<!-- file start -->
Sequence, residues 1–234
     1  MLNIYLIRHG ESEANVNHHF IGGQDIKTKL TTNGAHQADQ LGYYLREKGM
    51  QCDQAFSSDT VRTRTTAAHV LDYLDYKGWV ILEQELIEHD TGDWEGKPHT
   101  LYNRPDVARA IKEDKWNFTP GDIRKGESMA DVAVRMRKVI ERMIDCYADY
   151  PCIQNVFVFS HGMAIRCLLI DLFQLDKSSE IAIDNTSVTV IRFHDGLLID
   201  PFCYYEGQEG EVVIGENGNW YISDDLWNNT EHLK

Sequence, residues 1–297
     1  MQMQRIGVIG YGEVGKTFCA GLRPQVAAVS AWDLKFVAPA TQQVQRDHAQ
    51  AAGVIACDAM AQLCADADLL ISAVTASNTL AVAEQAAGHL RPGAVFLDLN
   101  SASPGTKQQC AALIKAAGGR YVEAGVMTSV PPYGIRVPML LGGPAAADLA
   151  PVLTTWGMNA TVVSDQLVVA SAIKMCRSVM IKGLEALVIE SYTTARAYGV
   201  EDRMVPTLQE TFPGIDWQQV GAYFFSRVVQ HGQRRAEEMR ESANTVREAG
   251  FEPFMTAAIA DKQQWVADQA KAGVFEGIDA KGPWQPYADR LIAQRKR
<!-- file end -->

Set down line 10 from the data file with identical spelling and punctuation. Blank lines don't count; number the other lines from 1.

   101  SASPGTKQQC AALIKAAGGR YVEAGVMTSV PPYGIRVPML LGGPAAADLA